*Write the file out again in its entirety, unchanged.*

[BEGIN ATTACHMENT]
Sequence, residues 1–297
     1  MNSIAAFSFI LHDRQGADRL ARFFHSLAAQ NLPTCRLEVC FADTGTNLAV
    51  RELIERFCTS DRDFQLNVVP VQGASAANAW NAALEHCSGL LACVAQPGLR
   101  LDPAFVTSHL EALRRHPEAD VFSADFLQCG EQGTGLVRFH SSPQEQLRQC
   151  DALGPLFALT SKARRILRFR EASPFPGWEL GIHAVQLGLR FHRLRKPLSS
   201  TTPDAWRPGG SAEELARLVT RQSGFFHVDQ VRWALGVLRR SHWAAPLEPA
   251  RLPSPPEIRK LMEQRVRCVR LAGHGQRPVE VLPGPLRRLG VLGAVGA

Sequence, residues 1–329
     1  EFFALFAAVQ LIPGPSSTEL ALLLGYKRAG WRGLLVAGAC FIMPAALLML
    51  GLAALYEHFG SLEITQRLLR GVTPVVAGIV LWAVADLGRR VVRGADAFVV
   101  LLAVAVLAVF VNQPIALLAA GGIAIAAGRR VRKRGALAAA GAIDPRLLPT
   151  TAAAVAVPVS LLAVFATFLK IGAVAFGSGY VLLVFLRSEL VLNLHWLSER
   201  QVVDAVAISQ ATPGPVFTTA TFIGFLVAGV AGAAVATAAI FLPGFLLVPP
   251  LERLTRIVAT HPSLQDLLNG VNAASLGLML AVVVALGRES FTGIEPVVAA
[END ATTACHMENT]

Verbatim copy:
Sequence, residues 1–297
     1  MNSIAAFSFI LHDRQGADRL ARFFHSLAAQ NLPTCRLEVC FADTGTNLAV
    51  RELIERFCTS DRDFQLNVVP VQGASAANAW NAALEHCSGL LACVAQPGLR
   101  LDPAFVTSHL EALRRHPEAD VFSADFLQCG EQGTGLVRFH SSPQEQLRQC
   151  DALGPLFALT SKARRILRFR EASPFPGWEL GIHAVQLGLR FHRLRKPLSS
   201  TTPDAWRPGG SAEELARLVT RQSGFFHVDQ VRWALGVLRR SHWAAPLEPA
   251  RLPSPPEIRK LMEQRVRCVR LAGHGQRPVE VLPGPLRRLG VLGAVGA

Sequence, residues 1–329
     1  EFFALFAAVQ LIPGPSSTEL ALLLGYKRAG WRGLLVAGAC FIMPAALLML
    51  GLAALYEHFG SLEITQRLLR GVTPVVAGIV LWAVADLGRR VVRGADAFVV
   101  LLAVAVLAVF VNQPIALLAA GGIAIAAGRR VRKRGALAAA GAIDPRLLPT
   151  TAAAVAVPVS LLAVFATFLK IGAVAFGSGY VLLVFLRSEL VLNLHWLSER
   201  QVVDAVAISQ ATPGPVFTTA TFIGFLVAGV AGAAVATAAI FLPGFLLVPP
   251  LERLTRIVAT HPSLQDLLNG VNAASLGLML AVVVALGRES FTGIEPVVAA